December 29, 2012 |
Lisa Lillien has the world on a plate. The Los Angeles author and entrepreneur sits atop the multimillion-dollar "Hungry Girl" empire that includes TV shows on the Food Network and the Cooking Channel, several bestselling cookbooks and a daily email blast that tops 1 million subscribers. Lillien is a genius at finding low-calorie ways to scratch a craving itch and then sharing them with her legion of fans. Her new book, "Hungry Girl to the Max," features 650 guilt-free recipes, many that are fewer than 200 calories per serving.
December 23, 2012 |
Move over, RG3. Make room for another rookie quarterback sensation . . . RW3. That's Seattle's Russell Wilson, who happens to wear No. 3 and has helped invigorate the Seahawks, just as Robert Griffin III has pumped life into the Washington Redskins. Wilson, coming off a record-setting performance against Buffalo, will get another crack at San Francisco on Sunday night when the 49ers play at Seattle in a game rich with playoff implications. "He's no longer a rookie," said 49ers defensive coordinator Vic Fangio, whose team limited Wilson to 122 yards passing in a 13-6 victory in October.
December 18, 2012 |
One of the most influential decisions last summer involving the Lakers was made outside the front office. Ramon Sessions opted to leave the team, leading to an influx of superstars. Steve Nash became a Laker. So did Dwight Howard. A precursor to their arrival in Los Angeles came in June when Sessions decided not to exercise a player option with the Lakers for one season and $4.55 million. "I definitely didn't want to go in with one year not really knowing what to expect in that situation," Sessions said Tuesday before his first game back at Staples Center, "so I kind of was looking for longevity.
November 28, 2012 |
Perhaps you've noticed you're less likely to forget where you parked your car after a brisk tennis match than after a trip to the library. There's a reason for that, says a new study: in healthy seniors and those with emerging memory problems, even a single brief bout of vigorous exercise and the release of norepinephrine that comes with it can enhance memory of what came just before it. The phenomenon is one of evolution's cleverest memory-enhancing tricks:...
November 25, 2012
The principle of the filibuster is a sound one: Any member of the U.S. Senate may speak for any length of time, so a senator who is fiercely determined to oppose a bill may command the podium and stop other business in order to make a point of grave importance. Used judiciously, the device prevents a narrow majority from imposing its will on a significant or determined minority. It allows passions to cool, and reinforces the Senate's place as a deliberative body, an institution that the framers imagined might slow the more rampant and populist instincts they believed would emerge from the House of Representatives.
November 10, 2012 |
Indoor trampoline parks are springing into action throughout Southern California, along with leaping games of dodge ball, highflying basketball and rigorous calisthenics. Just ask Akory Coates, who lived out his basketball dreams for an hour recently at a Sky Zone trampoline park in Torrance. He jumped, he twirled in the air, his fingertips grazed the rim and he made four baskets. Not an easy feat for a 9-year-old, but a series of trampolines beneath his feet gave him all the lift he needed.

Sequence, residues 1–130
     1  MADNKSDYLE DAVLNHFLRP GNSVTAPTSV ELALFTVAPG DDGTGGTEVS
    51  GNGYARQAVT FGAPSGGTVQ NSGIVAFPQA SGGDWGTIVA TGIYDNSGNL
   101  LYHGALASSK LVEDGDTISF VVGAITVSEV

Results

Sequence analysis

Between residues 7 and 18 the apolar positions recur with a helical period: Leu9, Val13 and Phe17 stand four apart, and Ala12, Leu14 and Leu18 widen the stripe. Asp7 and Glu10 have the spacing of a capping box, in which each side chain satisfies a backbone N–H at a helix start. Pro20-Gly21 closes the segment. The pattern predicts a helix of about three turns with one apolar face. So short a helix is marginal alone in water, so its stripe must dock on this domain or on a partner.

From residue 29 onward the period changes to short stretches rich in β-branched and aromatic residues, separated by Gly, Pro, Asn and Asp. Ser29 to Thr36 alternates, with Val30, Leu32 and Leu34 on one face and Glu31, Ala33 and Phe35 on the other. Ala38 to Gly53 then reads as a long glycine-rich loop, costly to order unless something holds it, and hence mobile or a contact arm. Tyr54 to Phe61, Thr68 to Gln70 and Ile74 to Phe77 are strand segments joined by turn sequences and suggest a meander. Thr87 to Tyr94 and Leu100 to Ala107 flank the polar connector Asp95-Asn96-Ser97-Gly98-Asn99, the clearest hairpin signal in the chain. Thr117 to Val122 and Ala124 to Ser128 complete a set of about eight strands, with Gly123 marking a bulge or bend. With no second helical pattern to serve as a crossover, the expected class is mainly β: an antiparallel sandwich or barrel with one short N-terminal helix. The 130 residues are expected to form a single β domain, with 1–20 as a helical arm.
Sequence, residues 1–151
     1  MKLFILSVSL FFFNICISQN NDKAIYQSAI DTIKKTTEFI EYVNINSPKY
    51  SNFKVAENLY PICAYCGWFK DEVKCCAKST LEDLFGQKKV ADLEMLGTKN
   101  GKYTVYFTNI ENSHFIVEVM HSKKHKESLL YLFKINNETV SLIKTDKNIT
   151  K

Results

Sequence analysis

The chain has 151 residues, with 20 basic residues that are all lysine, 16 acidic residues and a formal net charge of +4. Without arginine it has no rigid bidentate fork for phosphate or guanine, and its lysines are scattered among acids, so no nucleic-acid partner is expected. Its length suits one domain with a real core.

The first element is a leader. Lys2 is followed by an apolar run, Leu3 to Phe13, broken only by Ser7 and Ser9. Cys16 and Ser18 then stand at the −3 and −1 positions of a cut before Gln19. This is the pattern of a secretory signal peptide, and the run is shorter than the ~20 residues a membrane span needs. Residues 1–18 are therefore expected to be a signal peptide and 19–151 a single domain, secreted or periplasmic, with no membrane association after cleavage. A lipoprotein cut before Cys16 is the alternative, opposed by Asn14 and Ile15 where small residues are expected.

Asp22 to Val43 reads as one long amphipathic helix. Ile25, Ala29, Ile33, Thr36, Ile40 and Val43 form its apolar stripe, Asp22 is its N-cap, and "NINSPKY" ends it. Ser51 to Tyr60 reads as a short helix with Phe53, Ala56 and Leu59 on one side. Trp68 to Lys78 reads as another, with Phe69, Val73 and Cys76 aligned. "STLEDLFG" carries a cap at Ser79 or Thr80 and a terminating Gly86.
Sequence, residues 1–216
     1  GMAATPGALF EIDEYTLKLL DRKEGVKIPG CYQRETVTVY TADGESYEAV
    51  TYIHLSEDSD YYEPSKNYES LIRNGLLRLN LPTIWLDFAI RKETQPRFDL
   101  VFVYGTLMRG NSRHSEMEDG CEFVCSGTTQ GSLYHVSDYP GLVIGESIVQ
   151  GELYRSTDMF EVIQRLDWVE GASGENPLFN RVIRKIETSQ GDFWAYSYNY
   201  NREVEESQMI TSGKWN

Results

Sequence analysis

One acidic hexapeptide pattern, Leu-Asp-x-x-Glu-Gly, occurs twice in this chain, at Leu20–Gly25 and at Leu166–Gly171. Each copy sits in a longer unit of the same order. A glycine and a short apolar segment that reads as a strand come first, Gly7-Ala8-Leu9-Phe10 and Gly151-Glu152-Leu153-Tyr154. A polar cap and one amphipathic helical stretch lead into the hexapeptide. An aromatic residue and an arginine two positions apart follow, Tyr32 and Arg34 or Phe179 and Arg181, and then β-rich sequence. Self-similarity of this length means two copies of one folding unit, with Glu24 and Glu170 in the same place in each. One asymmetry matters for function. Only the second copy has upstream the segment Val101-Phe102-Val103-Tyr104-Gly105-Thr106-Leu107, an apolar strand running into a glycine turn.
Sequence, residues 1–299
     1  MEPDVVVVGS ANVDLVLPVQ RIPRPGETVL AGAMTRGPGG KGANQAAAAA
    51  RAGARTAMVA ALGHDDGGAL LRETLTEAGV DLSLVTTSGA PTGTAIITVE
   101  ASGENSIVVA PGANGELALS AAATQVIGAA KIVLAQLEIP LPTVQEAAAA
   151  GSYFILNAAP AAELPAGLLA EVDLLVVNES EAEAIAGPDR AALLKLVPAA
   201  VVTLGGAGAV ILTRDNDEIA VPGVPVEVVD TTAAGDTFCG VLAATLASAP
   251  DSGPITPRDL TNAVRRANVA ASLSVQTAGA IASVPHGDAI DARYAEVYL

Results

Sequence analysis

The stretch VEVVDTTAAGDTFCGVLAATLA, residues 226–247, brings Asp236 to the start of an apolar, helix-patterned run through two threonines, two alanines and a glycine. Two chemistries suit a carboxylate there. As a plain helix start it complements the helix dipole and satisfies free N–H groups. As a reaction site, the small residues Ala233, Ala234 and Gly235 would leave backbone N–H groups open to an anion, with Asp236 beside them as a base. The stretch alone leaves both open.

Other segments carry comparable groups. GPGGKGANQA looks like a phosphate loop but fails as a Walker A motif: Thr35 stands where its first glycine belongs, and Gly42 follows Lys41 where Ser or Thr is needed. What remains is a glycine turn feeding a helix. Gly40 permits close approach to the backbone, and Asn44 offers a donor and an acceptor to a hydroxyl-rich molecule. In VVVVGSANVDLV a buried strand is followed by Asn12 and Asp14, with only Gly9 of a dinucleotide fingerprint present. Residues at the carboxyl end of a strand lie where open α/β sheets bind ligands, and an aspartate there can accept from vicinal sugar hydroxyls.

November 7, 2012 |
So, what's it worth to lace up those sneakers and break a sweat for about 30 minutes a day? About 3.5 extra years of life, on average - and about 4.2 additional years for those willing to step up the intensity or put in closer to an hour a day of brisk walking or its equivalent, according to a new study. Even for the severely obese - those with a body mass index above 35 - exercising for about 2.5 hours a week at moderate intensity or for 75 minutes at vigorous levels puts average life expectancy a notch above that of a normal-weight person who is sedentary, the research shows.
CALIFORNIA | LOCAL
November 7, 2012 |
ENCINITAS, Calif. - Parents in this seaside town are in a twist over yoga, saying that adding the ancient practice of meditative exercise to the school curriculum is tantamount to religious indoctrination into Hinduism. School officials never thought that yoga, practiced by roughly 22 million Americans, would be controversial when they accepted a $533,000 grant from a local yoga studio to include Ashtanga yoga in a program where students also learn about healthy eating and cultivate small gardens.
November 6, 2012
There is no appetite among the American people - or on the part of the two men competing for the U.S. presidency in Tuesday's election - for U.S. military intervention in Syria. That reluctance is sensible. Painful as it is to observe the deaths of tens of thousands of Syrians in the war between President Bashar Assad and insurgents inspired by the Arab Spring, the deployment of U.S. troops or a campaign of airstrikes under the rubric of a no-fly zone would enmesh the United States in an unpredictable conflict with a heavily armed ally of Iran on behalf of a fractious and fragmented rebel army.
November 6, 2012
I could not have been more than 5 years old when my mother took me with her to vote in our Chicago neighborhood. I can still see the exotic array of curtains to draw and levers to pull towering over my head like the control panel operated by the Wizard of Oz. The image is enshrined in my memory. This was voting, and it was to be treated with reverence. Over the years, I've voted in Illinois, Washington, D.C., and California. Rarely have I voted by absentee ballot. To me, voting is not only a profound right but a rare opportunity to physically exercise the most important duty of American citizenship.